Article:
Brian O'Driscoll has spoken out about the growing obsession amongst young rugby players about getting as big as possible. In an interview with the Telegraph, O'Driscoll yearns for a bigger emphasise on developing skill, and for size to be a secondary thought.
He spoke about his own reluctance to go to the gym, saying it is a "necessary evil", but he never loved it the way the young guys do.
It is an important element of fitness to be able to lift heavy weights and be strong and more powerful, but just not losing sight that it is only one aspect. You have got to be aerobically very fit and you have to have very good skills. I don’t just know if that balance is there at the moment.
I can see that at the academies in Ireland, where there is a huge focus on scores in the weights room, as opposed to whether they can throw a 10-metre pass on the run.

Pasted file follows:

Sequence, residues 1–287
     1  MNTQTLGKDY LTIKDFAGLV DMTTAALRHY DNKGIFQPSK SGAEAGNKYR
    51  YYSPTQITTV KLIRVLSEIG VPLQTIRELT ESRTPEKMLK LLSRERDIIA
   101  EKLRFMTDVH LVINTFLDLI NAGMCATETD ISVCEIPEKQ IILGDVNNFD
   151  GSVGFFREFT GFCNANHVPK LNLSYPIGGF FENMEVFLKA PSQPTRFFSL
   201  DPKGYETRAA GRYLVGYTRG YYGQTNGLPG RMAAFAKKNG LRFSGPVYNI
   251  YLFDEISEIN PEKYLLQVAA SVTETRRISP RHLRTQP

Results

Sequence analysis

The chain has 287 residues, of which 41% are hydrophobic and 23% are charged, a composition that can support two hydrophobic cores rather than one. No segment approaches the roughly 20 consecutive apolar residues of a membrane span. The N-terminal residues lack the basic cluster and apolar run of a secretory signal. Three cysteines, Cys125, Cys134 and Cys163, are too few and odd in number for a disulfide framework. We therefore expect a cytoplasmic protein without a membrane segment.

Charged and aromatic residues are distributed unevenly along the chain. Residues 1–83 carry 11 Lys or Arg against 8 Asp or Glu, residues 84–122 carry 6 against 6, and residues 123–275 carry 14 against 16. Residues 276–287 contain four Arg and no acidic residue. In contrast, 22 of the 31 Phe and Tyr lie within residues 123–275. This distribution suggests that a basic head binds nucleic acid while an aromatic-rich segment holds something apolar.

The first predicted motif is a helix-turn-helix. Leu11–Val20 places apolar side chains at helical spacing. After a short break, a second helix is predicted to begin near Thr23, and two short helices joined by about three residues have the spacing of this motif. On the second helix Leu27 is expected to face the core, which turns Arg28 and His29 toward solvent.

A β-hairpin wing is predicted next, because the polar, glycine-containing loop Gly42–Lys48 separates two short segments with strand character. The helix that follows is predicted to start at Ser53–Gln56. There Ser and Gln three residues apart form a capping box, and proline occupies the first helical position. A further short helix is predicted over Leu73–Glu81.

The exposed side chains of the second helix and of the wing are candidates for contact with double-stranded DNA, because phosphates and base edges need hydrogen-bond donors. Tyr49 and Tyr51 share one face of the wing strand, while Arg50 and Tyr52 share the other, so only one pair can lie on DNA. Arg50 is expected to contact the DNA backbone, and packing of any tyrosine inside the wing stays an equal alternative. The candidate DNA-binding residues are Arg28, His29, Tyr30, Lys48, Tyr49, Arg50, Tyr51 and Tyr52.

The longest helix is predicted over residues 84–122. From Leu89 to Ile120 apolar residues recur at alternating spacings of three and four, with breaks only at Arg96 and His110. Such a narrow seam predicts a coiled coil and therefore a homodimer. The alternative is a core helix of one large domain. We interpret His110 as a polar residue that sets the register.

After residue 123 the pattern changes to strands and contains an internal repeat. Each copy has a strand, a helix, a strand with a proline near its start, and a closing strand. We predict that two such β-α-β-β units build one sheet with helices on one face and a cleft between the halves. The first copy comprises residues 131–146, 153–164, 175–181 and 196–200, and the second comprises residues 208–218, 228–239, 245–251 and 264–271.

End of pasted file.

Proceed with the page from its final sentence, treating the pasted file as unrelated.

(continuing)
They should be rugby players becoming athletes, not athletes becoming rugby players.
This sentiment was echoed by Connacht's new All Black Mils Muliana on his arrival in Galway, and O'Driscoll thinks that New Zealand have the balance between skills and size better than most. He views them as firm favourites for next year's World Cup.
He acknowledges that the Polynesian element within the squad might mean that the New Zealanders are naturally more powerful, but he views their upbringing with a ball in hand, and the fitness methods also using rugby balls, as reasons why the New Zealander's skills are far superior.